The website’s editorial team described Qantas’s “fatality-free record in the jet era” as an “extraordinary” achievement, and said it was now accepted as the industry’s most experienced carrier.
Airline.Ratings.com regularly monitors a total of 407 airlines, and says its rating system considers factors such as fatality and crash data, operational history, and audits by aviation authorities.
The full top-20 safest airlines for 2016, in alphabetical order, are: Air New Zealand, Alaska Airlines, All Nippon Airlines, American Airlines, Cathay Pacific Airways, Emirates, Etihad Airways, EVA Air, Finnair, Hawaiian Airlines, Japan Airlines, KLM, Lufthansa, Scandinavian Airline System, Singapore Airlines, Swiss, United Airlines, Virgin Atlantic and Virgin Australia.
“The AirlineRatings.com top 20 have always been at the forefront of safety innovation and launching of new aircraft and these airlines have become a byword for excellence,” the report said.
Jetstar Australia made the site’s top-10 list of the safest low-cost carriers, which also featured Aer Lingus, Flybe, HK Express, Jetblue, Thomas Cook, TUI Fly, Virgin America, Volaris and Westjet.
Disturbingly, 10 airlines monitored by the website were given only one star out of a possible seven for safety; they were from Indonesia, Nepal and Surinam.
There were 16 accidents in 2015 with 560 fatalities, according to Aviation-Safety.net data – below the 10-year average of 31 accidents and 714 fatalities.
“Last year was a disturbing year for airline safety with some tragic and bizarre accidents such as the high-profile Germanwings and Metrojet disasters,” AirlineRatings.com noted.
Another report released yesterday by aviation news and industry data company Flightglobal said there were more airline deaths worldwide due to deliberate acts last year than to accidental air crashes.
There were only eight accidental airline crashes, accounting for 161 passenger and crew deaths – the fewest crashes and deaths since at least 1946.
The tally excludes the Germanwings plane that was deliberately flown into a mountainside in the French Alps last March, and Russia’s Metrojet airliner packed with tourists that exploded over Egypt in October. The toll for those two incidents was 374 killed.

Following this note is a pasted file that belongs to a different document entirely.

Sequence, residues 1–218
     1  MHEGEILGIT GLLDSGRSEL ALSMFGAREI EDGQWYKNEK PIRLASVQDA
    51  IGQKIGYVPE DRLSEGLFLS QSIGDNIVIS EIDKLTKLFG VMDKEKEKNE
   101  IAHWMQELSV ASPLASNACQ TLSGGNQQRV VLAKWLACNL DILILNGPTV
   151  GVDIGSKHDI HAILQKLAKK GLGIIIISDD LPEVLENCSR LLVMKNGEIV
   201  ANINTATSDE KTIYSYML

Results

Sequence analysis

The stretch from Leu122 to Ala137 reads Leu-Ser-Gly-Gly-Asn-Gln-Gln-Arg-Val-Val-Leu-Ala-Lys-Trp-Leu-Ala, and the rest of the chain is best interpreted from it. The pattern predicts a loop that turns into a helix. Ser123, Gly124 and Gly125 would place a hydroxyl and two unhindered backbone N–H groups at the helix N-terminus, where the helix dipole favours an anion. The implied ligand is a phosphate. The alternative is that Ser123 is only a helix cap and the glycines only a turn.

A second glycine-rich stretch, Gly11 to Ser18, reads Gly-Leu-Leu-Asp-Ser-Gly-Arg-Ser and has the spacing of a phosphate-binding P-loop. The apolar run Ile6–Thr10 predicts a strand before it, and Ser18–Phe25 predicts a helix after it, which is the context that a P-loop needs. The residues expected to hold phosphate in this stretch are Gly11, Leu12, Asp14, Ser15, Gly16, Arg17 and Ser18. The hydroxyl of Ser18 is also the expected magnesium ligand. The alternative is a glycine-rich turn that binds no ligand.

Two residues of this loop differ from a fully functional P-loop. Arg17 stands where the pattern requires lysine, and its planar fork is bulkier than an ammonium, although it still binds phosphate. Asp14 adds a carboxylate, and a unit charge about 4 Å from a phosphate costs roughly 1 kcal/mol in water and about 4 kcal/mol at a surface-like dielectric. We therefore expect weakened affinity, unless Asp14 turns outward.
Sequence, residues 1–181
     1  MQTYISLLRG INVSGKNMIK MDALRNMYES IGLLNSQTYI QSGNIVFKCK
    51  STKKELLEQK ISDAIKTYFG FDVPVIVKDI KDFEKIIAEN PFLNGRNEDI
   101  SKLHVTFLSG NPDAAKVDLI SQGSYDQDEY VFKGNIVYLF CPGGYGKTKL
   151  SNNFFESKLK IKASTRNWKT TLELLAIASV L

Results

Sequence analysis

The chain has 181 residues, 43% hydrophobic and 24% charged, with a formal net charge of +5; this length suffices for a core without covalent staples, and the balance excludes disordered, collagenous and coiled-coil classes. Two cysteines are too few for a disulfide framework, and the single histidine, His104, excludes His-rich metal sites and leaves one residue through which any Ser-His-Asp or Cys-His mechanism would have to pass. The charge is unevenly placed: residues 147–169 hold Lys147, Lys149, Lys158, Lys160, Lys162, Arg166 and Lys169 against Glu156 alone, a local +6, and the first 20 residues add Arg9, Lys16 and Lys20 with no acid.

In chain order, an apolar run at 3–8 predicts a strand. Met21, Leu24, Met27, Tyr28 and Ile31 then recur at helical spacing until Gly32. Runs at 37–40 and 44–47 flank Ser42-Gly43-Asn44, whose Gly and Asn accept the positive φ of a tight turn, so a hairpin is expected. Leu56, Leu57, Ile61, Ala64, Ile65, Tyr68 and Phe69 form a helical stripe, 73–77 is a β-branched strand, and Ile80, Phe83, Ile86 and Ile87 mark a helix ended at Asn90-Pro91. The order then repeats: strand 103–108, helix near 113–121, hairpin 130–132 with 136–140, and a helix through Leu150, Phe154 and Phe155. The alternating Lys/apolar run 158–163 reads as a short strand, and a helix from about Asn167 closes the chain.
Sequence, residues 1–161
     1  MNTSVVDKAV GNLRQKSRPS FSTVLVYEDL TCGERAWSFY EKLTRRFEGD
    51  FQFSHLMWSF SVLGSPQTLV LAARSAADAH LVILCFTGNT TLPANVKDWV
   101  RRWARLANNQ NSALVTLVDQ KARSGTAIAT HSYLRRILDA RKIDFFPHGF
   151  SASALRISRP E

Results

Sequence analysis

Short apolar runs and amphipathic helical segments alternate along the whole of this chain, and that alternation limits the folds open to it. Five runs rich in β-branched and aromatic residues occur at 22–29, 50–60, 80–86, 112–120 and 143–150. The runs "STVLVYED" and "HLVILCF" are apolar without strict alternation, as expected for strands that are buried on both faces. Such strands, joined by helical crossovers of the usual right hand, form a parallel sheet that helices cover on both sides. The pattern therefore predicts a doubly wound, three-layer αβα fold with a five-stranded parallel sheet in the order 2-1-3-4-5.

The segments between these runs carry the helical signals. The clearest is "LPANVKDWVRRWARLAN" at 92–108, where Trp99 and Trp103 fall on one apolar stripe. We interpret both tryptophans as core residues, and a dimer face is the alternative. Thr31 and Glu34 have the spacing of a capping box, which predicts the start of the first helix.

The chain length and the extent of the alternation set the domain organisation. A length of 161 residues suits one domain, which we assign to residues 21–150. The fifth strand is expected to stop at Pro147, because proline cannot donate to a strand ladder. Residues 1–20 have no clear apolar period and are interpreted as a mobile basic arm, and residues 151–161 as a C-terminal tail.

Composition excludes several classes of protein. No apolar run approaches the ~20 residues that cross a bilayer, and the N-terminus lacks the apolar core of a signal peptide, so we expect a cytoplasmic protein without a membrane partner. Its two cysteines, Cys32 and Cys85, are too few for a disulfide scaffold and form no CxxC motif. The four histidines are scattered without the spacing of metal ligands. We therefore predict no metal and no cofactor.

“In recent years, airline safety has improved very considerably to the point where, typically, there are now very few fatal accidents and fatalities in a year,” said Paul Hayes, Flightglobal’s director of air safety and insurance.
“However, flight security remains a concern.”
The global fatal accident rate for all types of airline operations in 2015 was one per 5 million flights – eclipsing 2014, which had a fatal accident rate of 1 per 2.5 million flights, as the best year ever.
Today’s airliners and aircraft engines are far safer than earlier generations of planes, with common pilot errors greatly reduced, but experts told AAP that more needed to be done to weed out disturbed pilots and guard against acts of terrorism.
The Germanwings case is especially perplexing, said John Cox, a former airline pilot and aviation safety consultant.
Pilot Andreas Lubitz managed to conceal his problems even though airlines are continually evaluating pilots for signs of trouble.
It’s not known what caused Malaysia Airlines Flight 370 to disappear in 2014 while flying from Kuala Lumpur to Beijing, but many aviation safety experts theorise that it was mostly likely the result of deliberate acts, probably by one of the two pilots.
“Pilots from day one are so ingrained with protecting the passengers, with learning skills to deal with unanticipated events … and evaluated on how well you deal with stress,” Cox said.
“Those who don’t do well with it don’t survive as professional pilots.”
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